The Southwestern Historical Quarterly, Volume 107, July 2003 - April, 2004 Page: 219
Alexander Phimister Proctor in Texas
PETER H. HASSRICK*
T HE AMERICAN SCULPTOR, ALEXANDER PHIMISTER PROCTOR, FIRST CON-
nected with Texas as an artist in 1931 when he was invited to create a
double equestrian monument to Gen. Robert E. Lee for Dallas. Over the
next seventeen years he was offered two more major Texas commissions
and completed one of them, the Mustangs, for the University of Texas at
Austin. Proctor's extended association with the state came at a cultural
and historical crossroads for Texas. His first commission commemorated
the old-guard view of Texas as a part of the South and its legacy. The sec-
ond monument spoke to a new and more nationally inclusive perspective
that Texas began to adopt in the mid-193os. These two works stand at ei-
ther side of that transformative bridge-one with its bronze feet cast firm-
ly in the beleaguered and resistant soul of the Confederacy and the other
with its thundering hooves charging full gallop into the promising future
of the West.
Unlike most romantics, whose lives tended to run from emotive dis-
content to mordant resignation, Alexander Phimister Proctor shouldered
through a long and rewarding life with a contagious sense of joy and mild
good humor. He embraced adventure, both physical and intellectual, and
was driven by a creative muse to great accomplishments in art. As a sculp-
tor he achieved remarkable heights that were at once tempered by a tra-
ditional Beaux-Arts aesthetic and expanded by an affection for nature
and the American frontier.
Proctor, who was born in Canada in 186o, enjoyed a long and ac-
claimed artistic career that began with drawing classes at the age of twelve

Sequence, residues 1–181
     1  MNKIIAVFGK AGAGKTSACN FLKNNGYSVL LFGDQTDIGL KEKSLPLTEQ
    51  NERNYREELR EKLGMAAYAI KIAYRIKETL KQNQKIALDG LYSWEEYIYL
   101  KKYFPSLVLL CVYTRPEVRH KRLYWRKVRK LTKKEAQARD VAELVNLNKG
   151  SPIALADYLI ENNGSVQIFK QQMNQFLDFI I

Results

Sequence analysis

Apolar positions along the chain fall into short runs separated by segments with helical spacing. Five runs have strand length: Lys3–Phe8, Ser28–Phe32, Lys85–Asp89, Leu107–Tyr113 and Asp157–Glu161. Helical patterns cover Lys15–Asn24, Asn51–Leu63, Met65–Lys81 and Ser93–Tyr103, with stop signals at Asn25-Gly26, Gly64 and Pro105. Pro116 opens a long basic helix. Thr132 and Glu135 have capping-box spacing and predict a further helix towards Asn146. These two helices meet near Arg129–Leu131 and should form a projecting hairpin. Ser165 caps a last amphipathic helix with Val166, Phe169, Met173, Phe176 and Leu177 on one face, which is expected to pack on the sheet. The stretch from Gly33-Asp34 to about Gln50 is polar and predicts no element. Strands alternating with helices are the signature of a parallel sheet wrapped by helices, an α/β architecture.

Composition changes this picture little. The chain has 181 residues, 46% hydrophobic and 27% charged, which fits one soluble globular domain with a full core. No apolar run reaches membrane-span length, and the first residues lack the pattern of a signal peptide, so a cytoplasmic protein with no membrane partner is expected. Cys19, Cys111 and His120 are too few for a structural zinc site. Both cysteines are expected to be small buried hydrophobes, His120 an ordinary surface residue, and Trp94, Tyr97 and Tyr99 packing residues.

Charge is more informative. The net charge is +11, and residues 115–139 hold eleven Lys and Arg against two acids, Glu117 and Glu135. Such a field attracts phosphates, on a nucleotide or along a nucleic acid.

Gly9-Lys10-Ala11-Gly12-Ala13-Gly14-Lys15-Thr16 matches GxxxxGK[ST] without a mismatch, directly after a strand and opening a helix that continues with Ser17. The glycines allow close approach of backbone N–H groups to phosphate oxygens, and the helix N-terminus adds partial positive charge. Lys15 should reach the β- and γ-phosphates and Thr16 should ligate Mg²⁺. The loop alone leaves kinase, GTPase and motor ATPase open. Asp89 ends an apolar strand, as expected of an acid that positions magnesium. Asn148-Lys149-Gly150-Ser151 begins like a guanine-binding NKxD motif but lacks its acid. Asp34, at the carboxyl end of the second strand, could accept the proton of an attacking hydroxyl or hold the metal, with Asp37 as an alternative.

and endured into his late eighties. His pioneer family moved to Colorado
in 1871 and he began art studies in Denver. In 1885 he left for NewYork
and attended classes at the National Academy of Design and the Art Stu-
dents League. His first big commission came with the invitation to pro-
duce large plaster sculptures of North American wild animals as bridge
* Peter H. Hassrck is Founding Director Emeritus, Charles M. Russell Center for the Study of
Art of the American West, University of Oklahoma.
VOL. CVII, NO. 2 SOUTHWESTERN HISTORICAL QUARTERLY OCTOBER 2003
Here’s what’s next.
Show all pages in this issue.
This issue can be searched. Note: Results may vary based on the legibility of text within the document.
Citing and Sharing
Basic information for referencing this web page. We also provide extended guidance on usage rights, references, copying or embedding.
Reference the current page of this Periodical.
Texas State Historical Association. The Southwestern Historical Quarterly, Volume 107, July 2003 - April, 2004, periodical, 2004; Austin, Texas. (texashistory.unt.edu/ark:/67531/metapth101224/m1/263/ocr/: accessed September 27, 2016), University of North Texas Libraries, The Portal to Texas History, texashistory.unt.edu; crediting Texas State Historical Association.